Carson said, "I've custom built saddles since 1979. My work is in every state in the United States and in thirty-six foreign countries. I've custom built for the working cowboy as well as President Reagan. I started building 1/2-scale saddles over twenty years ago, and sold them in art galleries. I've toured Europe giving saddle-making demonstrations, promoting the western heritage I love."
Note: The bit, concho's, buckles, Dee's, and quick-change buckles were custom made by David A. Moralez, Jr. Born in Wickenburg in 1964, David grew up on a small cow outfit that has been in the family for over ninety years. He made his first pair of spurs in 1987 from an old horseshow rasp using a forge at Benegas Ranch in Wikiup, Arizona. He is proud that he is 100% self-taught.
Each year a Bill Owen art image was selected for the Cowboy Gala invitations, and each guest received a dozen envelopes and note cards of the piece; all compliments of Arizona Lithographers of Tucson, Arizona.
MARCH 5, 2005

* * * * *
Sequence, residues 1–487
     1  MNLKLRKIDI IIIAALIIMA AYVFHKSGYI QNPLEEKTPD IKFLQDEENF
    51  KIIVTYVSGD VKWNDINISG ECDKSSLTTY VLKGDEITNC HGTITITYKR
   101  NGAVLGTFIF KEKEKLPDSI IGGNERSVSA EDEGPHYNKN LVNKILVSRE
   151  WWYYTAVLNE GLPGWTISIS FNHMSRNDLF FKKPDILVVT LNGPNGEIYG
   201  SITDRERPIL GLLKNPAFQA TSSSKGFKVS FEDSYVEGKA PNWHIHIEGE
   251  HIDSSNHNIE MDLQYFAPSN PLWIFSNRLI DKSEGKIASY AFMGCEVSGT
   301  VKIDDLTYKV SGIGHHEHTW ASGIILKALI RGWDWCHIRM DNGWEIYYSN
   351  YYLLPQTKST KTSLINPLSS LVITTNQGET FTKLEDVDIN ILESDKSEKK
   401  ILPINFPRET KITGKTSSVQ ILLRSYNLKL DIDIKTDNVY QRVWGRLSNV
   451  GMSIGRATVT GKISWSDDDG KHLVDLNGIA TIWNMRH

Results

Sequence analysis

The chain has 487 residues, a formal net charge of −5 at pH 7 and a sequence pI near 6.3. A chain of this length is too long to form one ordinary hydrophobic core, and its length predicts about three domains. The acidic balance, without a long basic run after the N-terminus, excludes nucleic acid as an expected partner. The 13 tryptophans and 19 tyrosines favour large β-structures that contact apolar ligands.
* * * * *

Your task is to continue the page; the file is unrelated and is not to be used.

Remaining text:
THE ONE EYED OPEN GOLF TOURNAMENT AND COWBOY GALA 2005 were the 10th and final annual fundraisers held to benefit The Arizona Cowpuncher’s Scholarship Organization, Inc. ACSO was proud and happy that the golf tournament and evening festivities were held once again at the beautiful and historic Rancho de los Caballeros in Wickenburg, Arizona! Not only is this guest ranch and golf club a gorgeous facility but the service, hospitality, fun, and food is unsurpassed. It was the PERFECT setting for the ACSO events! At the 10th annual fundraiser held to benefit ACSO, Founder Bill Owen and his wife, Valerie, announced Cowboy Gala 2005 would be the final fundraising event. While many supporters expressed their disappointment and wished the event could continue, they were happy to know they took part of a wonderful cause, which made it possible to fulfill Bill Owen’s dream that the scholarship organization would be able to continue granting scholarships to young people from the Arizona ranching community even after he was no longer with us.